In a first of its kind protest, 80 people marched up to the electorate office of Dr Parmjeet Parmar, National Member of Parliament in Mount Roskill, Auckland on September 3, 2016.
They were protesting against the deportation of 41 Indian students, who were alleged to have filed fake documents.
The protestors said that the students should be allowed to stay in New Zealand and not be punished for the deceitful acts of their education agents.
The New Zealand government’s argument was that these students were liable since they had documents while applying for work visas at the office of Immigration New Zealand (INZ) in India.
In the midst of all these claims and counter claims, the fact remains unchanged that 41 students were heading back to India.
International Education is the fifth biggest export earner for New Zealand.
The industry is worth $ 3.5 billion annually. In 2015, about 125,000 international students were enrolled in our schools, universities, institutes of technology and private providers.
The number of student arrivals from India rose significantly in 2013 after the government relaxed English language requirements. Private Training Establishments (PTEs) can now admit students into their programmes without having to establish their proficiency in English language through independent tests such as IELTS or TOEFL.
They could use their own tests and judgement instead. More than 10,000 students from India came to New Zealand last year. This offset the slowdown in International students coming from China.
The fall in student numbers from China was reportedly due to deportation of 200 Chinese students in 2012 on similar grounds as that of students from India.
Education is a lucrative industry but are standards and quality being compromised to boost revenue? Are short term gains so attractive that standards can be overlooked?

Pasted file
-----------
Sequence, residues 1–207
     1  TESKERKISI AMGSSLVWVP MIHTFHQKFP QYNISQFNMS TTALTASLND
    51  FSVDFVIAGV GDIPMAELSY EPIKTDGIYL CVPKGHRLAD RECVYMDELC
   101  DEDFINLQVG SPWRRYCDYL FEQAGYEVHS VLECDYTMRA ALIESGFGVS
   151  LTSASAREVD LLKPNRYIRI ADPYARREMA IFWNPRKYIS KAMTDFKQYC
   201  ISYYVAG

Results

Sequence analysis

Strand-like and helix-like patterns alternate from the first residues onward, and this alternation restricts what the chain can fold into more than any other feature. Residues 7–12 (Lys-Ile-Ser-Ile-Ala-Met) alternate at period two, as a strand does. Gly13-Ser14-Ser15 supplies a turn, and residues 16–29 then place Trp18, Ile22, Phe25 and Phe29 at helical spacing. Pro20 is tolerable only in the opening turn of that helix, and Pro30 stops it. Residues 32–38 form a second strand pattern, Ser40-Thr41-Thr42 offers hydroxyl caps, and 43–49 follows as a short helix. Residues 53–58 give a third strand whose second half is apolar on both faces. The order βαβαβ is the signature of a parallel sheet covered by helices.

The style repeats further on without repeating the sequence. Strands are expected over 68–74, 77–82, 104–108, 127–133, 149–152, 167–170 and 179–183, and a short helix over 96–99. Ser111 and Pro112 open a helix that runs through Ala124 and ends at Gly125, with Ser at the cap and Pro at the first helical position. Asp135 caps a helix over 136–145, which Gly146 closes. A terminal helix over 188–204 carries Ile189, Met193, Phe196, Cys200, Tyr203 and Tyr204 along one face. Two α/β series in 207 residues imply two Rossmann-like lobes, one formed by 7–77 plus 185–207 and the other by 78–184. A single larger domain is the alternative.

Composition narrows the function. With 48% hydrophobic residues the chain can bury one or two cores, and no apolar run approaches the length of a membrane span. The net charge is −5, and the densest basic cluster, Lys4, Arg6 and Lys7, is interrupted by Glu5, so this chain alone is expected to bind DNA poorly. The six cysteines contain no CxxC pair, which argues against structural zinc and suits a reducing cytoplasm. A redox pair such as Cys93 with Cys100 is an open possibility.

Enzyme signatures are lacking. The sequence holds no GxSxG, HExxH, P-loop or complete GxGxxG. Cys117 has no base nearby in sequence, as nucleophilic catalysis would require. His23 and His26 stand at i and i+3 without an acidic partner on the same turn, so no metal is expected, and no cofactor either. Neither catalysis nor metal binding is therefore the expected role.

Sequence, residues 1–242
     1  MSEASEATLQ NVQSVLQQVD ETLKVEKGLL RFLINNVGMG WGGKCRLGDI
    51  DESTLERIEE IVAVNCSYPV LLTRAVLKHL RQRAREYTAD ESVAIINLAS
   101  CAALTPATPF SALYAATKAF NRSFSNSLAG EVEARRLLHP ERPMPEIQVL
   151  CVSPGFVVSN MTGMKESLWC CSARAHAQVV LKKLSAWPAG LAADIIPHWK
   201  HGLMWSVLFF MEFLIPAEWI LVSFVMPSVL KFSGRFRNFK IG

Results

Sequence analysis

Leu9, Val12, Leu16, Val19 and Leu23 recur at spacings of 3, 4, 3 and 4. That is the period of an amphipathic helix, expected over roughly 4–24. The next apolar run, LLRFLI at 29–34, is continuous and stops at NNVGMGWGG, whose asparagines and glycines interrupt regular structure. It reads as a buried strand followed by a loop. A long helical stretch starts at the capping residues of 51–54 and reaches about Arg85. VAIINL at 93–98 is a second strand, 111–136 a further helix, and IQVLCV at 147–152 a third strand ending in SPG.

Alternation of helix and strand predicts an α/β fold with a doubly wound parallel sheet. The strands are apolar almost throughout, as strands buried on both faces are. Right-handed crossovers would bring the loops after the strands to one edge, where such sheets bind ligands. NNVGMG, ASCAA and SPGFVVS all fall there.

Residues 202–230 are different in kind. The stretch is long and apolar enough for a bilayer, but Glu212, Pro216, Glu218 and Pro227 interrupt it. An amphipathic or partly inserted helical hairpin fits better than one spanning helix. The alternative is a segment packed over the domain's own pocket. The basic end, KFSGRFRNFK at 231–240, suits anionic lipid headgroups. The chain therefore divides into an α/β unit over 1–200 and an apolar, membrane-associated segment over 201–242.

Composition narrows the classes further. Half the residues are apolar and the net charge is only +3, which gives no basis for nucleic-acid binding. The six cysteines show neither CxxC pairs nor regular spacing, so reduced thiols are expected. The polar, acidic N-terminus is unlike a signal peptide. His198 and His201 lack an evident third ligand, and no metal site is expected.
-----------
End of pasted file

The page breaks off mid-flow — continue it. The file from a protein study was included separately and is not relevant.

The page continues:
Last year, INZ rejected nearly half of 20,000 visa applications from India.
Should not such high numbers of declined requests prompt an even stricter scrutiny of applications?
Student applicants are required to show that they have sufficient funds in their bank accounts at the time of application. This is sound practice.
But the reality is that documents can be easily fudged.
INZ must employ better standards of scrutiny and seek the expertise of the Indian government. Officials in New Zealand say that they cannot control education agents in a foreign country. But they should not allow blacklisted education agents to deal with educational institutions in New Zealand.
There is no denying that the reputation of international education in New Zealand is falling. Many are using the ‘student path’ to enter the country.
The New Zealand Qualifications Authority (NZQA) has a checklist of criteria that educational institutions must comply with in their business.
Even a layman can observe that our system of approving educational institutions must be reviewed. Many of these operate as shops lacking basic infrastructure and faculty.
New Zealand is being ‘sold’ as a destination to students to gain permanent residency. Unscrupulous agents lure students with false promises and improper processing of applications by INZ leads to situations such as those faced now.
The ramifications of a large student population are being felt in other areas also.
Auckland is dealing with a booming population with inadequate infrastructure to sustain the demand arising in areas like housing and transport.
Exploitation of migrant workers is also rampant.
The government and NZQA must have in place robust and exhaustive measures to ensure that genuine students come to New Zealand.
Procedures and policies cannot be altered to suit individual needs.
Additional Reading: Our Editorial, ‘Lesson to be learnt at least now’ under Viewlink.
Protest against deportation in Mt Roskill, Auckland on September 3.
(Picture Courtesy: Radio New Zealand)